“Assortative matching is efficient,” Peña said. People who best maximize each other’s utility are suited for one another; each helps the other achieve the greatest share of happiness possible. Think of happiness like a cake. “If you switch [assortative matching], the size of the happiness cake goes down.”

A marriage creates a new instance of a basic unit of social organization: the family. Peña calls the family “the number one not-for-profit organization” in the history of humanity. Economically speaking, Peña said, it is in the family that most human capital is generated: families “actually produce people” through procreation. 

The family has existed in some form since before the beginning of recorded history, but the radical changes accompanying industrialization in the past few hundred years are apparent everywhere, including familial dynamics and even the physical body itself. “Human height has increased half a foot over the last three hundred years,” Peña said. Other changes—notably in infant mortality and the nature of work—have “changed the way people invest in themselves and their children.” As an example, he offered the concept of quality time, a new phenomenon on the timescale of human existence. Until recently, there was simply “time,” and for the majority of humans alive at any moment until not that long ago, most of it was devoted to subsistence. Survival was quality time enough.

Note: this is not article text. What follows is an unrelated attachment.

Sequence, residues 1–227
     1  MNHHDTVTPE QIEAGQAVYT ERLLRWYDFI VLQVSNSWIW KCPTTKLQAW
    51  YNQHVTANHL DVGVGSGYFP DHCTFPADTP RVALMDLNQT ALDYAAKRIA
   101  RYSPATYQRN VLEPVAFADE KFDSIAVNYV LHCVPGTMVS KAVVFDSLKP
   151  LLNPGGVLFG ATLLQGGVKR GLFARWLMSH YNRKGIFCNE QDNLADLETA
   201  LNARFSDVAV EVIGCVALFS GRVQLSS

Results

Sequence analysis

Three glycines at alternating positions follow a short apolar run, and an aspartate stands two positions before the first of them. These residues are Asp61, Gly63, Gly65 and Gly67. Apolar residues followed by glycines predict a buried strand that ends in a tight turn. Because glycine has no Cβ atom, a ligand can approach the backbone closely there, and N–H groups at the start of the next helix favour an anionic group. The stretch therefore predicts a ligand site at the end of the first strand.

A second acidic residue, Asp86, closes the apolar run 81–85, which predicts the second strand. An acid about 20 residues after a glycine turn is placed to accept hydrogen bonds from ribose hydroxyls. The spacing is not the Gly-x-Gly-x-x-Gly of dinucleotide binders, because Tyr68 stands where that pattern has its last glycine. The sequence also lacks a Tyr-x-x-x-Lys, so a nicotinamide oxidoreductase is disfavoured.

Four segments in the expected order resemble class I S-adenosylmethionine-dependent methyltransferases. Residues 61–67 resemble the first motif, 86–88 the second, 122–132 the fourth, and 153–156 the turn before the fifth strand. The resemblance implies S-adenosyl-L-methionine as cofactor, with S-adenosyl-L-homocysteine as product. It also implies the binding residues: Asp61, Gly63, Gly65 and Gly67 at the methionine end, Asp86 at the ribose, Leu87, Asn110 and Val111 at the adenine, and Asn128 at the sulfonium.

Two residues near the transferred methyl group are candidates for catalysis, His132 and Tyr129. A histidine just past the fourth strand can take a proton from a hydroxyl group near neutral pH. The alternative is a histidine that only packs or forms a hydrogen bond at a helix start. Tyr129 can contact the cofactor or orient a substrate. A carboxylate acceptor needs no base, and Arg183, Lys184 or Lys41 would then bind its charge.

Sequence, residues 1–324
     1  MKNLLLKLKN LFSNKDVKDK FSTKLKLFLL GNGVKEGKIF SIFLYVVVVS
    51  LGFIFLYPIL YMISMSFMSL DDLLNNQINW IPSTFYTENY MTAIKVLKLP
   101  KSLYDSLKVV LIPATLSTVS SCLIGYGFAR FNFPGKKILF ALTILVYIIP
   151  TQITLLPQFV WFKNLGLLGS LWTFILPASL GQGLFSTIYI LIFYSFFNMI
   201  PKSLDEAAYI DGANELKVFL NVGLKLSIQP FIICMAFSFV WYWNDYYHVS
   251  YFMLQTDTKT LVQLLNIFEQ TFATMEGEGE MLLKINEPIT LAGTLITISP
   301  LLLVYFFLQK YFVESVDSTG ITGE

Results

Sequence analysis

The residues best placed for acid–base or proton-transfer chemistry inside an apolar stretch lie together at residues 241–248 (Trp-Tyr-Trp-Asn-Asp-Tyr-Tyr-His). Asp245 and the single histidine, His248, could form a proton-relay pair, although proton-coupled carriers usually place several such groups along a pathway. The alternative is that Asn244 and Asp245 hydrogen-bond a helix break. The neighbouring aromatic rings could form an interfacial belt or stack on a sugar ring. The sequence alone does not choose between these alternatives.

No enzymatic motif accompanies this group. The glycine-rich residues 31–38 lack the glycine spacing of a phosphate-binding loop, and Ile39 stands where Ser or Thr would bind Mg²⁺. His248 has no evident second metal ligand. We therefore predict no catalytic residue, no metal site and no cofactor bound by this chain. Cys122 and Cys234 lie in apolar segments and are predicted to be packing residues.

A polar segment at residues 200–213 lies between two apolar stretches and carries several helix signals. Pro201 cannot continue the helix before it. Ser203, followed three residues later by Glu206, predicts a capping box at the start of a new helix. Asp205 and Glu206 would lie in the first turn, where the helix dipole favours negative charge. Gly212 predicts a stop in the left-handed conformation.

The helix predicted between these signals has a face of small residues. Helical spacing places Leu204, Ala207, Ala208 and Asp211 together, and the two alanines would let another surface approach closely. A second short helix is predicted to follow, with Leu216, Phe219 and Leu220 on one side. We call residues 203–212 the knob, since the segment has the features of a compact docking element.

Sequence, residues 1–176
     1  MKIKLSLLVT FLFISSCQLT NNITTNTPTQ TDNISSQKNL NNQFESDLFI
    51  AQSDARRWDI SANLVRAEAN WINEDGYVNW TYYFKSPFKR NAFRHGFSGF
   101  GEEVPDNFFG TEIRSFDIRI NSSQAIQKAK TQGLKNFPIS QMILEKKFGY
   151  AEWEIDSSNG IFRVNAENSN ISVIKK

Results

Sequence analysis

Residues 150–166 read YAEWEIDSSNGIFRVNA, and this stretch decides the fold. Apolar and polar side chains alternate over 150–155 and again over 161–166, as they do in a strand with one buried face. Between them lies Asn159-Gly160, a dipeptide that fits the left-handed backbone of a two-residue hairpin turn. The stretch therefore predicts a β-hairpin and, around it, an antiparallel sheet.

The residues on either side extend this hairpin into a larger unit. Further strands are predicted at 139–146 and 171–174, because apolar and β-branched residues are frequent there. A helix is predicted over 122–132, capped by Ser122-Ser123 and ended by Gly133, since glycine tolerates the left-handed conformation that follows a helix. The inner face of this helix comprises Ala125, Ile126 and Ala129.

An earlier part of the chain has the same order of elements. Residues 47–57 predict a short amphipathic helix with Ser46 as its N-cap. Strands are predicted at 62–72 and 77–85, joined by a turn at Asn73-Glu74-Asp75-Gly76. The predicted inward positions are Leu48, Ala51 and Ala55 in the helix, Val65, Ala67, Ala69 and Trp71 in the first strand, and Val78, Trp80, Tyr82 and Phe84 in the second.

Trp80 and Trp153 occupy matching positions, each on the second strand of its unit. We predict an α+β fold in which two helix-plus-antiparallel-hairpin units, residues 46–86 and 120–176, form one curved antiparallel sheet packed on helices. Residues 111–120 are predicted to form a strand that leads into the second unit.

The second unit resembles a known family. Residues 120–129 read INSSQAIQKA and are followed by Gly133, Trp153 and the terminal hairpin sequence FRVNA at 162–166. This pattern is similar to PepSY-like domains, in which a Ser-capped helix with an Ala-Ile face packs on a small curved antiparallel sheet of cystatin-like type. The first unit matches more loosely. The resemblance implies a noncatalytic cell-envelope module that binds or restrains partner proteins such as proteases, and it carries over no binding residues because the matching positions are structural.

In the last few decades, the level of investment in the family has decreased. According to Peña, the low cost of divorce benefits people in what he considers abusive or truly unworkable marriages, but divorce is so convenient that its other costs, which are considerable, are ignored. Much of this cost of divorce falls on the children, Peña said, affecting their human capital and future prospects. “Children are growing up without enough people paying attention,” Peña said.